Dennis Oppenheim

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Dennis Oppenheim

American (1938-2011)

 

Dennis Oppenheim was an American conceptual artist whose work encompassed sculptural installation, performance, and film. Dealing with esoteric ideas of experiential phenomena, nature, and societal structures, Oppenheim’s work, like the works of his peer Robert Smithson, sought to break sculpture out of traditional modes and pose questions rather than signify aesthetic allegiances. “Most of my work comes from ideas. I can usually do only a few versions of each idea. Land Art and Body Art were particularly strong concepts which allowed for a lot of permutations,” he once reflected. “But nevertheless, I found myself wanting to move onward into something else.” Born on September 6, 1938 in Electric City, WA, he went on to study at the California College of Arts and Crafts in Oakland before receiving his MFA from Stanford University in 1965. Moving to New York the following year, the artist began producing ephemeral projects within the landscape, as seen in his seminal piece Annual Rings (1968), which consisted of large circles carved from fallen snow. Oppenheim began experimenting with video art and performance during the 1970s, and made major contributions to the history of sculpture within public spaces throughout the remainder of his career.

 

Oppenheim’s work encapsulates the issues that populate contemporary art discourse from the 1960s to present. He concerned himself with the real world and real-time systems versus artifice; noncommercial, nonsalable works of art versus art as a product for the market; the uses of photography and text; and notions of site-specificity. In a series of works produced between 1970 and 1974, Oppenheim used his own body as his medium, exploring the boundaries of personal risk, transformation, and communication. In 1981, his work moved in a new direction with the “machine pieces”—complex constructions that functioned as metaphors for the artistic process. By the mid-80s, he based his sculptures on the transformation of everyday objects. From the mid-90s until his passing, Oppenheim focused on the creation of large-scale, permanent structures that fused sculpture and architecture.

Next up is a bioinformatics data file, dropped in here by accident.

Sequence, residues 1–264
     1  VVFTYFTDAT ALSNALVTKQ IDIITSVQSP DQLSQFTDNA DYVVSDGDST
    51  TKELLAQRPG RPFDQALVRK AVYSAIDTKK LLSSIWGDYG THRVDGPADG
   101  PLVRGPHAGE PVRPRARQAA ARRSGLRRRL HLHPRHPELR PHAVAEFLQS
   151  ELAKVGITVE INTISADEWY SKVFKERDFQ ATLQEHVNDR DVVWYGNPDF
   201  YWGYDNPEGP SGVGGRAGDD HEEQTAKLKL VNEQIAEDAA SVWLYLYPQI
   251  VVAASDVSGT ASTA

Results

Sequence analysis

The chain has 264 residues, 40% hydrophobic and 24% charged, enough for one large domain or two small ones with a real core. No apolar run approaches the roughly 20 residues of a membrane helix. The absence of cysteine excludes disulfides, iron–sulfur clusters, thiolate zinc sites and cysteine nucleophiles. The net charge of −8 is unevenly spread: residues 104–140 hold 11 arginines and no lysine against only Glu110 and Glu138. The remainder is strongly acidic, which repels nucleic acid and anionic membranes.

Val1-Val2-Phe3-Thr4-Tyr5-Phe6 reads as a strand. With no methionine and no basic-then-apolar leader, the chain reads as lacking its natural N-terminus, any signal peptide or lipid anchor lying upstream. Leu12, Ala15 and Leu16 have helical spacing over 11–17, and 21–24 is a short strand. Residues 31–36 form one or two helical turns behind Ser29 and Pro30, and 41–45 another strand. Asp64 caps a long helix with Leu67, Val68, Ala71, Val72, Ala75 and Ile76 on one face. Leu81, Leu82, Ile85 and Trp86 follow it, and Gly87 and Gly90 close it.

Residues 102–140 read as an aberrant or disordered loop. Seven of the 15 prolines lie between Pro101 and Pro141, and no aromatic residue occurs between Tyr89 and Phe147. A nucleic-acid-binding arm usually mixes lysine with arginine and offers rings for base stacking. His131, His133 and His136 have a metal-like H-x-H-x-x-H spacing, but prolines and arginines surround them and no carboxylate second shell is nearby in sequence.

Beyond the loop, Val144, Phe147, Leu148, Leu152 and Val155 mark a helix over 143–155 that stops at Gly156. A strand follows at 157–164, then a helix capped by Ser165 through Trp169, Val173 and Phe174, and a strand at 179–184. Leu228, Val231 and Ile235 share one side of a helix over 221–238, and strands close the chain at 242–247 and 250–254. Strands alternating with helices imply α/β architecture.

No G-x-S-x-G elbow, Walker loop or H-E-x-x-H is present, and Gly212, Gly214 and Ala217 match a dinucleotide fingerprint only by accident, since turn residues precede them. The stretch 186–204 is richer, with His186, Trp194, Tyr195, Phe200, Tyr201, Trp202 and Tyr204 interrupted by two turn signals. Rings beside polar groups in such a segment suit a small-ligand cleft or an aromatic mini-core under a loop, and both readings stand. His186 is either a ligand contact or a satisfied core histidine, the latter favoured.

Oppenheim has been showcased in solo exhibitions at the San Francisco Museum of Modern Art, CA (1973, 1984); Museum Boijmans van Beuningen, Rotterdam, the Netherlands (1975); Whitney Museum of American Art, New York, NY (1983, 2003); Tel Aviv Museum, Israel (1984); Los Angeles County Museum of Art, CA (1997); Montoro12 Contemporary Art, Rome, Italy (2013); Storm King Center, New York (2016); and the Art Institute of Chicago, IL (2016). Oppenheim’s work is held in public collections throughout the world, including: the Museum of Modern Art, New York, NY; Corcoran Gallery of Art, Washington D.C.; Los Angeles County Museum of Art, CA; Musée d’Art Moderne de la Ville de Paris, France; Tel Aviv Museum, Israel; Tate Modern, London, U.K.; and Samsung Foundation of Art and Culture, Seoul, Korea.

 

 

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1501 Walnut Street (Gallery)
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1501 Walnut Street (Gallery)
2880 Grand Avenue Suite 105 (Shipping Address)
Des Moines, Iowa 50309
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